JH Interpolating Scanner Mods


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Last updated: March 26, 2011

Below are details of my implementation of the JH Interpolating Scanner & Scanner Chorus/Vibrato into a 3U wide MOTM format panel. I built the super-deluxe version of this circuit that combines both the interpolating scanner and the scanner chorus/vibrato into one module. Be sure to check out Dave Brown's implementation as well because I borrowed a lot of ideas from him.

I used an Electroswitch C4D0904N-A 9-pole 4-position rotary switch (Mouser #690-C4D0904N-A). This switch is quite firm so be sure to eat your Wheaties if you go with one of these. I find that it is easier to turn if I lean into a bit. You'll also need a good pointer knob; a round knob is a bit difficult to use with this switch. I wanted to use a small chicken-beak knob (Cosmo #7607 0.625" diameter, as shown in the panel mockup at left) but was unable to obtain one. In the meantime, I'm using a Davies 1510AH (Mouser #5164-1510AH).

If you plan on building the super-deluxe version of this circuit, there's little point in using the three headers to attach the rotary switch to the PCB because an additional wire is needed between the PCB and rotary switch that is not available on the header. JH explains on his website which trace needs to be cut on the PCB. So save yourself the hassle and expense of using the three headers and solder the rotary switch wires directly to the PCB.

Grab the schematic and follow along with the explanations below.

1. Use 5 Volt Regulator

I used a 78L05 regulator to provide a +5 volt constant voltage to the 9 interpolating scanner inputs instead of the 3K/1.5K voltage divider that JH shows on his web page. For unknown reasons, I could only get +4.5 volts maximum when I tried to use the simple voltage divider off a +/-15V supply. Fortunately, it was quite easy to place a 78L05 regulator into one of the spots reserved for a 470 uF capacitor (which isn't needed if using a +/-15V supply). I also added a 10 ohm protection resistor to the regulator output to protect the regulator from an accidental short circuit to ground when inserting plugs into the jacks.

2. More Gain For Rate CV Input

I changed R94 from 470K to 220K to get more range from the Rate CV input. The default value of 470K wasn't giving me enough change in the LFO frequency with +5V signals so I lowered this to 220K.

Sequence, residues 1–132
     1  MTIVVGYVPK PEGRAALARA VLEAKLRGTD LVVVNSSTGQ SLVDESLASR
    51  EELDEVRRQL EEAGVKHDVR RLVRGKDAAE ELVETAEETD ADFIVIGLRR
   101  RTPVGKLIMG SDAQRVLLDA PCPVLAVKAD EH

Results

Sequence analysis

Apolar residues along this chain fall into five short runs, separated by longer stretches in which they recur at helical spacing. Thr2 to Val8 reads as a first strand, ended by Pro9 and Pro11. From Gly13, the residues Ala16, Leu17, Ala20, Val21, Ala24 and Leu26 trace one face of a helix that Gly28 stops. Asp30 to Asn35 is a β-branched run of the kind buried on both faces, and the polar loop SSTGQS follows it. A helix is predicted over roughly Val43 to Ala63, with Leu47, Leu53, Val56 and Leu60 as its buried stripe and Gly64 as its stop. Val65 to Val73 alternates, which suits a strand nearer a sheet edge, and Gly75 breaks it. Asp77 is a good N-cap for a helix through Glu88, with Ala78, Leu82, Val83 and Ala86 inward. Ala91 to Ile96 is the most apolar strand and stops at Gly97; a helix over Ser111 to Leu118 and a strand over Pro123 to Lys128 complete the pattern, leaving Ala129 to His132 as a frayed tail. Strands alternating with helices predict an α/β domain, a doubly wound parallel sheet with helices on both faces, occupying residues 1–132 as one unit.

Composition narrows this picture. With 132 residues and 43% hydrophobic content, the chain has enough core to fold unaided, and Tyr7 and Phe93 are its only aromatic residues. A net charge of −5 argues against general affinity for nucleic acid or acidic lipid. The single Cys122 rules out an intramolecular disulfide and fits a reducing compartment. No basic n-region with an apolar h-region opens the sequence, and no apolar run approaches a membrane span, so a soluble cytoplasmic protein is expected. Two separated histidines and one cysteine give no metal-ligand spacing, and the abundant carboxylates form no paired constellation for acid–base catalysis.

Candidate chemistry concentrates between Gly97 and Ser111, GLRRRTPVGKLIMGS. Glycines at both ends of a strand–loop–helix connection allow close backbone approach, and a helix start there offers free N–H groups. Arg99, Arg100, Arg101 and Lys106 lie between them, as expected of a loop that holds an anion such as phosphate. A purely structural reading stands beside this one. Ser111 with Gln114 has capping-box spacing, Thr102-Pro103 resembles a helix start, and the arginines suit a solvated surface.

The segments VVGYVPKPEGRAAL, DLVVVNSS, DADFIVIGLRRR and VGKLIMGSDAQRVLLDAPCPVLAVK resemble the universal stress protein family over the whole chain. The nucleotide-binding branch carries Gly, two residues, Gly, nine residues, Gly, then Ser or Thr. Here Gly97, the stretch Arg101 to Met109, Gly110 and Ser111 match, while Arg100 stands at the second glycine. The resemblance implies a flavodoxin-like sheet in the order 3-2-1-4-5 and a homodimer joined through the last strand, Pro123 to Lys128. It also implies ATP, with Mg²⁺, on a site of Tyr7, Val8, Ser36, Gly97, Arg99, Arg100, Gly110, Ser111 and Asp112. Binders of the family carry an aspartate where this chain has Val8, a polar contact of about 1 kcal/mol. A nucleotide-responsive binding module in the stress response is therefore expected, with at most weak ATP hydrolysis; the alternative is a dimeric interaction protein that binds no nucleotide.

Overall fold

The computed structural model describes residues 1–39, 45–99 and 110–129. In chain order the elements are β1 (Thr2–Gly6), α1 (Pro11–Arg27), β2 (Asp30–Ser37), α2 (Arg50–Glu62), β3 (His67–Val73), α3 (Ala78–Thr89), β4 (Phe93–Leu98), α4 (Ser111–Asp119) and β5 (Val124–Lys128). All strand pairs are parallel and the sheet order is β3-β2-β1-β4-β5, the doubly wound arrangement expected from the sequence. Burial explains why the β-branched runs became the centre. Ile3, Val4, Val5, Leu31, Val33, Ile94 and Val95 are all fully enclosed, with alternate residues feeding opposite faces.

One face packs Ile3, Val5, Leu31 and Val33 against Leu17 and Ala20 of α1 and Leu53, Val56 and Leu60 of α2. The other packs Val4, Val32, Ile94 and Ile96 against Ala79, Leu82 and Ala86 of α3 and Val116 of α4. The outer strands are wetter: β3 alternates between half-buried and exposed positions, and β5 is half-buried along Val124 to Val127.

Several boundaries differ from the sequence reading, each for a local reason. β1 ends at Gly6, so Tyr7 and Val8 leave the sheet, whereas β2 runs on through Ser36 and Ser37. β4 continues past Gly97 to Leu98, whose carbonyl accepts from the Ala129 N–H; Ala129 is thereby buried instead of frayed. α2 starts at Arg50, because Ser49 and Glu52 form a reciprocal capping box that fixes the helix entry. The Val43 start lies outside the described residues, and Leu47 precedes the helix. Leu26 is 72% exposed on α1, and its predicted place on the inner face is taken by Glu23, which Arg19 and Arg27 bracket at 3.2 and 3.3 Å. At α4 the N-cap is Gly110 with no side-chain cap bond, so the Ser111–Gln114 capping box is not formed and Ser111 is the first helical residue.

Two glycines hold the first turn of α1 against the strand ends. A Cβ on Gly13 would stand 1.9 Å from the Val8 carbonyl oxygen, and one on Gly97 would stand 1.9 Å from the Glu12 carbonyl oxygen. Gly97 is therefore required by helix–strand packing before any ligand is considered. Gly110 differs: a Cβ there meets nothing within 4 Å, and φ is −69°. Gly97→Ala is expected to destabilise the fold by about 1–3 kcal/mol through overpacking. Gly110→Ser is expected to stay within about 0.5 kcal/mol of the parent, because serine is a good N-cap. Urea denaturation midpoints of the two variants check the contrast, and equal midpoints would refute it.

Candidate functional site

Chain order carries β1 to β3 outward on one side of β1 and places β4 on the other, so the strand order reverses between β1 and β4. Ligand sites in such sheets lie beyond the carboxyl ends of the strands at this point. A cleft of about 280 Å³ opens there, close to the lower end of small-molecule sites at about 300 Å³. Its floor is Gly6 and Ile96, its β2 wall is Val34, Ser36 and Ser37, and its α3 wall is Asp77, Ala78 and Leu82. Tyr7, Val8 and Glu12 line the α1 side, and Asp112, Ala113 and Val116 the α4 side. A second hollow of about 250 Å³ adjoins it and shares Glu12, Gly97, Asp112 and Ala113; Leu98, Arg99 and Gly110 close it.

3. Normalize Input For 10Vpp Signals

Since I'm not using a pot to limit the input level to the Scanner Chorus/Vibrato circuit, I found I was getting too much gain when using 10Vpp signals (the output was way too hot). I changed R102 from 10K to 120K and R101 from 1M to 51K to get unity gain through the scanner.

4. Remove Filter Capacitors

I'm not using the filter on the input so I left out C41 (470 pF) and C42 (1 nF).

5. Chorus Switch

I used a 3 position SPDT switch for the Chorus function (NKK M2013ES1W01-RO, Mouser #633-M201302-RO). In the lower position, R103 is shorted to ground and chorus is off (vibrato mode). In the center position, R103 (1K) sets the chorus function to maximum (full chorus mode). In the upper position, a 10K LOG pot is connected in parallel with R103 to provide a variable amount of chorus from none (0K in parallel with 1K) through maximum (10K in parallel with 1K). I found that increasing R103 above 1K didn't provide any change in the sound; it only made the output level increase from 10Vpp to 18Vpp. If you implement this mod, make sure you use a 10K LOG pot, not LINEAR, otherwise most of the useful range will be limited to the extreme counter-clockwise pot rotation. Using a log pot gives a much more useful range over the full pot rotation. R103 is soldered onto the PCB. The switch is connected to the PCB via the CH pads.

6. Celeste Switch

I used a 3 position SPDT switch for the Celeste function (NKK M2013ES1W01-RO, Mouser #633-M201302-RO). In the lower position, R104 is connected to the end of delay line providing proper termination (celeste off). In the center position, R104 is removed from the circuit. This provides reflections equal in ampitude and of the same polarity as the impinging signal (+ reflections). In the upper position, R104 is shorted. This provides reflections equal in amplitude and of opposite polarity to the impinging signal (- reflections). Positive and negative reflections can sound quite different, depending on the input signal. R104 is not soldered to the PCB, it is soldered to the two outer pins on the switch. The switch is connected to the PCB via the pads for R104.